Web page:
OLYMPIA – Sen. Dan Swecker has a simple plan for fixing state and local highways: Raise the gasoline tax by a penny a gallon annually for the next 20 years.
Those pennies add up. His proposal would generate $12 billion over the next two decades, with $4.6 billion earmarked for local projects and $7.4 billion available for state and regional highway projects.
It’s the latest proposal being floated by lawmakers who face a backlog of $50 billion in state and local transportation projects, including Seattle’s Alaskan Way Viaduct and new freeway bridges over Lake Washington and the Columbia River at Vancouver.
Swecker, R-Rochester, the ranking Republican on the Senate Transportation Committee, wants the state to provide 50-50 matching funds for mega-projects in the central Puget Sound region, Vancouver, Spokane and elsewhere.
Senate Transportation Chairwoman Mary Margaret Haugen, D-Camano Island, said earlier this month she could support a two-step, 4-cent-per-gallon gas tax increase.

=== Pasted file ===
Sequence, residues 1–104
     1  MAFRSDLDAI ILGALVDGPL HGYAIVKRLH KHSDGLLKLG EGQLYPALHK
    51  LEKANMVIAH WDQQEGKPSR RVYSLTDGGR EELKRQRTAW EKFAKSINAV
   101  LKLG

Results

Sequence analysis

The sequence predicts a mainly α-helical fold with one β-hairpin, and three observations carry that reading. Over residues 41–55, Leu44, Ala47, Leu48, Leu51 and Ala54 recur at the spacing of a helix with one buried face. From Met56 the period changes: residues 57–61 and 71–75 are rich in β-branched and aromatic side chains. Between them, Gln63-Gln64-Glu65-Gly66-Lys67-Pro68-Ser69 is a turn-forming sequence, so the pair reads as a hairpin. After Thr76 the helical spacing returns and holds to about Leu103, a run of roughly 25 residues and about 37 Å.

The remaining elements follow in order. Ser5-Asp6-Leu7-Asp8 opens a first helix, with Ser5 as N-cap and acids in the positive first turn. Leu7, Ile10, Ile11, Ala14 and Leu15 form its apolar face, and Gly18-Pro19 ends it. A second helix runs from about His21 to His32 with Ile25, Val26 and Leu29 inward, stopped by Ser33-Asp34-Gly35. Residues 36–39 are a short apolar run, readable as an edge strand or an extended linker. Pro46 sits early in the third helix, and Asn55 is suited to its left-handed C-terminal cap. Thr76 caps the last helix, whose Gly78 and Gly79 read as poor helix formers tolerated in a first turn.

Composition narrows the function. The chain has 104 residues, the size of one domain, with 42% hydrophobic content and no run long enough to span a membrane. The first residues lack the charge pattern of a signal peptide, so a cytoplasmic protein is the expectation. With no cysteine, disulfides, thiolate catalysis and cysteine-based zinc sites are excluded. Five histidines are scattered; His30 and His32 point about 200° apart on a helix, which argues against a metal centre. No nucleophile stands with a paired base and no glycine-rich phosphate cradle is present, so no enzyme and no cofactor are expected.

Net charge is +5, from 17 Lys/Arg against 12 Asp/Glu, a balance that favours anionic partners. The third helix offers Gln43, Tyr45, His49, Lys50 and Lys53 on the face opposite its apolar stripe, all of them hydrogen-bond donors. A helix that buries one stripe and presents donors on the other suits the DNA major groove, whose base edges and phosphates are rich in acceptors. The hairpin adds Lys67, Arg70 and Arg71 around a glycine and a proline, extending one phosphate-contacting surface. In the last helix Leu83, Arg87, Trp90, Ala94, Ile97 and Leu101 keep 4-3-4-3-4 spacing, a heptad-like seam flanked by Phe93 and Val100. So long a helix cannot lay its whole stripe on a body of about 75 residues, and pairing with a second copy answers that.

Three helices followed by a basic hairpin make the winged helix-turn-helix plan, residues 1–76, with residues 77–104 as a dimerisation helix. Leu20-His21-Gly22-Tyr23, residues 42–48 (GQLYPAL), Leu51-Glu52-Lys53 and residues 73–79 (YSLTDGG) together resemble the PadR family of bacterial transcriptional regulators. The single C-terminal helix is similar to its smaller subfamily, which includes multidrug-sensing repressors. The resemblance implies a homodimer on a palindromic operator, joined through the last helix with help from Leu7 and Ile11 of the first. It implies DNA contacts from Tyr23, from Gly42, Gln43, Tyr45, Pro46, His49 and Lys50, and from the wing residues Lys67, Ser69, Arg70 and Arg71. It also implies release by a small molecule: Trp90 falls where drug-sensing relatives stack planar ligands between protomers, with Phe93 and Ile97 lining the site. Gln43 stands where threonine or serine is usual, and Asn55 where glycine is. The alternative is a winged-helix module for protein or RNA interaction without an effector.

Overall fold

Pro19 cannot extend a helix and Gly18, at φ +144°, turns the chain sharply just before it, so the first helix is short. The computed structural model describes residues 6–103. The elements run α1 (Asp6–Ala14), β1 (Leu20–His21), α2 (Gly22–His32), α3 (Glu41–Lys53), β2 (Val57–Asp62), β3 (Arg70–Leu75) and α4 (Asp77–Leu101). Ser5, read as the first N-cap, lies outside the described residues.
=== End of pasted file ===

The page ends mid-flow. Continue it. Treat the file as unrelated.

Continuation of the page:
She said the plan could raise $3.5 billion toward rebuilding the viaduct and a new state Route 520 bridge across Lake Washington.
Haugen also proposed indexing the tax so that it slowly grows with inflation.
She also suggested a gross-weight fee on vehicles, including passenger cars.
Her House counterpart, Ed Murray, D-Seattle, said he will wait to announce a revenue proposal until lawmakers agree on the needed size of the transportation budget.
He said Haugen’s plan is the minimum necessary.
Swecker’s plan, introduced Wednesday, is for the Legislature to vote this session for a one-cent increase in each of the next five years, followed by an accountability report from the Transportation Commission.
If lawmakers were satisfied, another five-year plan would be adopted – and so on for a total of 20 years.
His proposal also would allow the commission to impose tolls for corridors in the Puget Sound area to help pay for current and future projects.
He projects that tolls would begin in 2010 and could total $3.2 billion through 2024.
Swecker said the 5-cent increase approved two years ago, to 28 cents a gallon, was an important first step, but that much more revenue will be needed.
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